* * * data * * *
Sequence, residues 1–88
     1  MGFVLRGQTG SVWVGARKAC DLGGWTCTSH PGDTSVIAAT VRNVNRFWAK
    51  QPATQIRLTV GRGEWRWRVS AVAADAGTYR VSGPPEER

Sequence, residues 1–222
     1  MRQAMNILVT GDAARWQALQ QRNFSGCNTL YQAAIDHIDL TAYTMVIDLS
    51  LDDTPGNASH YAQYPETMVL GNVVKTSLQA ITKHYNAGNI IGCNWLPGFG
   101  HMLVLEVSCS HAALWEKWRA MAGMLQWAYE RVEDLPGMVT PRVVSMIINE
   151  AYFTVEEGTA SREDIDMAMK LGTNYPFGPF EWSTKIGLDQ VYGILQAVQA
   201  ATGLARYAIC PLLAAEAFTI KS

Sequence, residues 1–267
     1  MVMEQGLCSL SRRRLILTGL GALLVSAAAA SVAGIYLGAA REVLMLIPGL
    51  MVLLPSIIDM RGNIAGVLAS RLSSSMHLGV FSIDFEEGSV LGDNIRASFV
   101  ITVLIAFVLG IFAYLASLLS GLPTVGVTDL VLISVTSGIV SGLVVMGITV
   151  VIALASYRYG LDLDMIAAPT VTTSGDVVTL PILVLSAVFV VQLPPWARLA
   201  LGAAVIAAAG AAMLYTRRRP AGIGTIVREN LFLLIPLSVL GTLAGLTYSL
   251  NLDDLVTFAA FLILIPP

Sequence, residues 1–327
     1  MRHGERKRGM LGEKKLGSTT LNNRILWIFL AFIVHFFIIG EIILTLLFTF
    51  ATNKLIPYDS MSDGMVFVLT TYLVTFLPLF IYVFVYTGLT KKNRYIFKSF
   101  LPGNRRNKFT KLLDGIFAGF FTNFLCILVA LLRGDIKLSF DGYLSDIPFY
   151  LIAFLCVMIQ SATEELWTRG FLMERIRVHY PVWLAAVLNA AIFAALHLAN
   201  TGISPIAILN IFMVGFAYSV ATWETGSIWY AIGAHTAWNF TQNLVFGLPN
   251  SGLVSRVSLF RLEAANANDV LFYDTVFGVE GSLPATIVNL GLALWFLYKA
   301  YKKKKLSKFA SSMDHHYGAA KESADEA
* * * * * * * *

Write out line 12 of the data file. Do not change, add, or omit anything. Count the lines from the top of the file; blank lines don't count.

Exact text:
    51  MVLLPSIIDM RGNIAGVLAS RLSSSMHLGV FSIDFEEGSV LGDNIRASFV